Haggai 2:1-9 & 2 Thessalonians 2:1-5; 13-17 & Luke 20: 27-38
This week has been a big one in both the world of church celebrations and for the secular world also.
In the church, since last Sunday we have celebrated All Saints Day, also known as All Hallows Day and All Souls Day. In the secular world, all Hallows has become the Halloween celebration and we’ve seen another celebration and day of feasting and gambling in the running of the Melbourne Cup.
But amongst these celebrations is one that often gets overlooked and that is Reformation Day. 499 years ago this week in 1517, the German Catholic priest ,by the name of Martin Luther, nailed on the doorway of the Castle Church in Wittenberg, his 95 Theses or complaints about the way the Western Catholic Church was operating.
It started the Protestant Church and the reforming of the Roman Catholic Church. One of these 95 complaints pertained to how the church promoted the understanding that we have been justified before the Lord by our good works and fulfilling our obligations.
Luther took passages from the Old and New Testaments to make his point for the very different view.
In Romans 5:1-2 we read ‘Therefore, since we are justified by faith, we have peace with God through our Lord Jesus Christ, through whom we have obtained access to this grace in which we stand;’
and in Habbakuk 2:4b “but the righteous live by their faith.”
Faith precedes and guides our good works, not the other way around. Good works is no substitute for faith in Christianity.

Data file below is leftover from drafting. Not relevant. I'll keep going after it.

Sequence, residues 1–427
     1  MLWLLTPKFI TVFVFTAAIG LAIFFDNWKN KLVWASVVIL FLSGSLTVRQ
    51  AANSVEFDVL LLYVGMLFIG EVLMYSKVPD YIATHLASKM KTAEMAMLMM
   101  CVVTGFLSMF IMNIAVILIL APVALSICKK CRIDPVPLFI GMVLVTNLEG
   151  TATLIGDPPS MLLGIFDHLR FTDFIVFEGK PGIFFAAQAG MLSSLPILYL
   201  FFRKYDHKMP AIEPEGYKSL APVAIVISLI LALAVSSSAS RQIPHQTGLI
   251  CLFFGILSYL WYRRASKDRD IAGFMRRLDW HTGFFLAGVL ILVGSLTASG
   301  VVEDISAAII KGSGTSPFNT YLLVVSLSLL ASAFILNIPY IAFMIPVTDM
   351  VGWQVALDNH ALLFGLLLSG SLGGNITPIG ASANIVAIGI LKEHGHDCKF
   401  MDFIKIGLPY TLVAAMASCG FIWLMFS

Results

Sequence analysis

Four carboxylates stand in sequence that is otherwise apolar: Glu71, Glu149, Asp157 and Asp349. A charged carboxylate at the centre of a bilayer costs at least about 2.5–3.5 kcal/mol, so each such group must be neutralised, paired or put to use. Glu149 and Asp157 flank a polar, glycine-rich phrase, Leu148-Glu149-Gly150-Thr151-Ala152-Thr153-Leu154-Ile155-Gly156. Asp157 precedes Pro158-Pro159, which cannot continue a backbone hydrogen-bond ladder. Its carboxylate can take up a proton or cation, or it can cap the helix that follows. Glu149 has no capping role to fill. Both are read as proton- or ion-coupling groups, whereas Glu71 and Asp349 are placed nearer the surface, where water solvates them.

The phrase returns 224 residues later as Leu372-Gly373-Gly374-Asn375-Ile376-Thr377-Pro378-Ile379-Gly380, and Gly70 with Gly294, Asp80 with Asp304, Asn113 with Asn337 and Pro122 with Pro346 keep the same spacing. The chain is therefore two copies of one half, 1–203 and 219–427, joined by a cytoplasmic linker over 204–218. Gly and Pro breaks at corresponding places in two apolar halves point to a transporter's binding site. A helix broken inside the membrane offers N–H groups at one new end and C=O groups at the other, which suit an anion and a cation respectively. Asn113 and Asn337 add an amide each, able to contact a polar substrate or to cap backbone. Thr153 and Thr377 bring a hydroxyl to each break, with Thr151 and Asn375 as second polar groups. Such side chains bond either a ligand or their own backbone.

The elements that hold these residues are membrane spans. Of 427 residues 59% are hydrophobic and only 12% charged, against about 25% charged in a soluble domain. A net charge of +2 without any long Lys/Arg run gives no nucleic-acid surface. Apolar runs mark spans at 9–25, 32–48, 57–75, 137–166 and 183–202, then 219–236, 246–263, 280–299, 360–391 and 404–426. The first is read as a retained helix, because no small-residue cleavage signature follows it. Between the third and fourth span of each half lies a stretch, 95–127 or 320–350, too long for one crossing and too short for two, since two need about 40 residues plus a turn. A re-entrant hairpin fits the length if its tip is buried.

How do we define faith? In this last week we’ve heard people demean the word ‘faith’ by using it on Melbourne Cup Day saying things like ‘I have faith in that horse or that jockey’, a little like the way we bandy around the word ‘love’, as in ‘I love ice cream.’
In the Bible we have some good definitions of faith.
You may like to look at Hebrews 11 [the whole chapter] or in a shorter version try 2 Corinthians 5:17.
We might use words that define or are synonymous or sit as adjuncts with the word ‘faith’ – words like, conviction trusting [beyond ourselves], hope, love, affirmation, promise, confidence and as a belief not necessarily reliant upon empirical or scientific proof.
Believing, trusting, hoping and love are both features of faith and also part of its outworking.
What are other ways in which we express that faith?
All four of the lectionary readings set down for this week give us some examples.
Haggai was one of the minor prophets who returned with the people to Israel after a seventy year exile in Babylon.
He tells the people to rebuild the Temple as an expression of their faith. He is no different from those before and after, who have shown their expression of faith in God and his ‘set apartness’ from the secular in the way they honour him through building.
Interestingly, I was reading recently [I think it was in Insights magazine] a discussion of whether country churches should be torn down or sold if not in use. The argument was they should not – as simply through their presence – they bring an outward sign of hope to the community. You may think otherwise.
In the reading from 2 Thessalonians, Paul begins by reminding the early Greek Christians that things will get worse before they get better, but that faith is not based on the outward circumstances, but is based on what is inside that makes us act in faithfulness – the actions of faith he speaks about to them are to stand firm in the faith [verses 13-16], to encourage one another and believe the truth.